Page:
With banks and financial services organisations in Asia increasingly looking inwards for new graduates – rather than recruiting from overseas – it’s worth looking at where the graduates of the top universities in Hong Kong end up.
We analysed the CVs of graduates from the top three universities in Hong Kong – Hong Kong University, the Chinese University of Hong Kong and the Hong Kong University of Science and Technology – to see which sectors they’re working on.
The methodology is simple – we analysed how many CVs from each of the top three Hong Kong universities are in our database and then looked at the proportion of graduates in each division. The charts below outline the top 10.
Perhaps unsurprisingly, those who go into accounting and finance form the largest proportion of graduates working in finance. This is a supply and demand issue – accounting firms in Hong Kong hire far more graduates than other sectors. And when compared to securing a front office job in an investment bank, it’s relatively easy to get into.
The division that employs the second most graduates is information technology. All financial institutions, large or small, need computers, systems and networks and employ thousands of technologists. Morgan Stanley has 7,000 techies and another 7,000 consultants in technology, while 25% of Goldman Sachs employees work in tech.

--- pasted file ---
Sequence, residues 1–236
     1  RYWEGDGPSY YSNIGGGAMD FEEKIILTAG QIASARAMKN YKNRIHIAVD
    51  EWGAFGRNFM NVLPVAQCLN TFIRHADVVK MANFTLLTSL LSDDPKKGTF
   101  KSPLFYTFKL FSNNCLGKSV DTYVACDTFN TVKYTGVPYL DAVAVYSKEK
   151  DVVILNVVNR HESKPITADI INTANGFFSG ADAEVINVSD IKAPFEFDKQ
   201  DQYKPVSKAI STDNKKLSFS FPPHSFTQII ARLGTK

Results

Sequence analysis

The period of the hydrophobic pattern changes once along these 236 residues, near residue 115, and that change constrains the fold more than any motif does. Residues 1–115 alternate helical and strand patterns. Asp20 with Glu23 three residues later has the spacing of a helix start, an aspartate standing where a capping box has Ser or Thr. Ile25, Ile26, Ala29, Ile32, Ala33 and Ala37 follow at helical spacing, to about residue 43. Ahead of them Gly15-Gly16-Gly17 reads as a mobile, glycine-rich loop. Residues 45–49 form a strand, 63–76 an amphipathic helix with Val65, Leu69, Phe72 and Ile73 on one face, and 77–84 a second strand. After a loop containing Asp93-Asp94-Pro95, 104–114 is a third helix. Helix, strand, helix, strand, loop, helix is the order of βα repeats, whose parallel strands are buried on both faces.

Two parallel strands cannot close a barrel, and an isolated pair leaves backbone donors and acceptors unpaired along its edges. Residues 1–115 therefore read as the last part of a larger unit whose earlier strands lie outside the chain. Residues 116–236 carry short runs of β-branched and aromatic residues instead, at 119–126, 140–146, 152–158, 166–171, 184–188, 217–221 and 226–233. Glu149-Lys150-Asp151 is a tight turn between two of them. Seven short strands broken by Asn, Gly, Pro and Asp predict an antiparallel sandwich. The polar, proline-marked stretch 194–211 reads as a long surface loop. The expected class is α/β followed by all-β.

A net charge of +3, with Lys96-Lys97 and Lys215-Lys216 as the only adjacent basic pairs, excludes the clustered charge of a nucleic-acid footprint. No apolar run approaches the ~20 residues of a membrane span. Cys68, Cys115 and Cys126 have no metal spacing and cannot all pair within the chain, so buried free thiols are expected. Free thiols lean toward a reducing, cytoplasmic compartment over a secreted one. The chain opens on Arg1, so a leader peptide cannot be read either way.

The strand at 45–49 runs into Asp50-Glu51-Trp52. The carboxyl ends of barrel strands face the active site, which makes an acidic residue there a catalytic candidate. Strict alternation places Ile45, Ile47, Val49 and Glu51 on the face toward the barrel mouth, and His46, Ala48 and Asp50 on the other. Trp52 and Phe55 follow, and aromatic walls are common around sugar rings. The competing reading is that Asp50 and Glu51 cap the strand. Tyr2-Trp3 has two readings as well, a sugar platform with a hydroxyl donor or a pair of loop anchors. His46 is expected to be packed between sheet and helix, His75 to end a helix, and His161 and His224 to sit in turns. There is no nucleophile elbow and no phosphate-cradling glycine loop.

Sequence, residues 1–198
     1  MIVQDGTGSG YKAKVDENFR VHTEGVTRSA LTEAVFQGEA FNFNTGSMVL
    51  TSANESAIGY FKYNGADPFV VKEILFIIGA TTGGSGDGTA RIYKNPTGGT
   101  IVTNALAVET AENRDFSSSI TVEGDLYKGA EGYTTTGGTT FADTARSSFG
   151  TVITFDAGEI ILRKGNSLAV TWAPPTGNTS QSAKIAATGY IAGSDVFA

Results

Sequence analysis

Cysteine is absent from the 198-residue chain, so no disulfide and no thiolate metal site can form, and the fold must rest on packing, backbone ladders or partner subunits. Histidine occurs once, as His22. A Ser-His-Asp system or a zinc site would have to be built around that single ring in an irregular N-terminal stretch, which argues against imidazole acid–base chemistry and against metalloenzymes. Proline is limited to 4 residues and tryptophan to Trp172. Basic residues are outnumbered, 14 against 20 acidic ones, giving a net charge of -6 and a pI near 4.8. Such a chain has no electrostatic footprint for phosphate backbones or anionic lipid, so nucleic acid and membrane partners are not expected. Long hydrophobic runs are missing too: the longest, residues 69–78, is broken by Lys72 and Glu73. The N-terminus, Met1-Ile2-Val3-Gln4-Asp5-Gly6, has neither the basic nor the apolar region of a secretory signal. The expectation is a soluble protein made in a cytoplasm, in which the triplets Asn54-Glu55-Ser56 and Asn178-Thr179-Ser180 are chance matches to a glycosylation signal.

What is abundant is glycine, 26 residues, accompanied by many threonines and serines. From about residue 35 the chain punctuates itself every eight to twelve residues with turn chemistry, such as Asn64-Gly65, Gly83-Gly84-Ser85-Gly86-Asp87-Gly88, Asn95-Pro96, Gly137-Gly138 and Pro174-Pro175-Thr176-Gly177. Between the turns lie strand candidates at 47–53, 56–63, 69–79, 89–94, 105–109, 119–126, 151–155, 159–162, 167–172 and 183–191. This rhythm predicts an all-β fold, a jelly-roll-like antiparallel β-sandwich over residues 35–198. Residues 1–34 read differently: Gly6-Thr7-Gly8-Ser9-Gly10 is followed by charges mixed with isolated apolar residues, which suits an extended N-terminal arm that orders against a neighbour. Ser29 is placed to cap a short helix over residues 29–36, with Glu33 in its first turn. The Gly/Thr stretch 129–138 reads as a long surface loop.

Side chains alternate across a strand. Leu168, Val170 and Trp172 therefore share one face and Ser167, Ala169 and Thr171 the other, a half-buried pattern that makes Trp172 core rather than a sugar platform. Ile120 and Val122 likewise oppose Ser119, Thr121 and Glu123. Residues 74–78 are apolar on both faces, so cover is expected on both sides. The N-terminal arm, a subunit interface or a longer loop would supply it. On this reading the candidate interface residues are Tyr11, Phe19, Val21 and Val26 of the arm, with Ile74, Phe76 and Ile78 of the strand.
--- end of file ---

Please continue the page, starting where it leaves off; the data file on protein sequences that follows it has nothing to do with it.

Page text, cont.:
The front office, comparatively speaking, doesn’t employ that many people. No division takes in more than 10% of the graduates. Desks famous for long hours of demanding works, such as M&A, ECM, DCM, all employ just between 2-5% of the graduates. Perhaps the only exception is how many HKUST graduates are working in investment banking and M&A – 7%, which is significantly higher than the other two universities.
Asset management is another hot sector. All three universities have more than 6% of graduates in this division. Investment banks have been cutting this year, and considering that many banks are looking to wealth management as the next big growth engine, perhaps asset management is the place to go if you want to have a stabler job in the financial industry with a relatively promising career development outlook. Just look at Credit Suisse. It announced last week that it’s going to axe hundreds of investment banking jobs in Europe, yet at the same time it’s looking to increase headcount in Asia to do more business with the newly rich.